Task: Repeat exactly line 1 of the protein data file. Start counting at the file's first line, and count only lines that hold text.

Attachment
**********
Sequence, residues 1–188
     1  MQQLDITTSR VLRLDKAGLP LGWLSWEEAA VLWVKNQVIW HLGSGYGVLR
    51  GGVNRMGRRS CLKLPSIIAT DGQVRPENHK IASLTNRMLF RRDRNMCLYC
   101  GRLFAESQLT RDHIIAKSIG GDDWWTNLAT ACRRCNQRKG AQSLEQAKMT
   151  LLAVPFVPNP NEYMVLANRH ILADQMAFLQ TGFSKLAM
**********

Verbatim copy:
Sequence, residues 1–188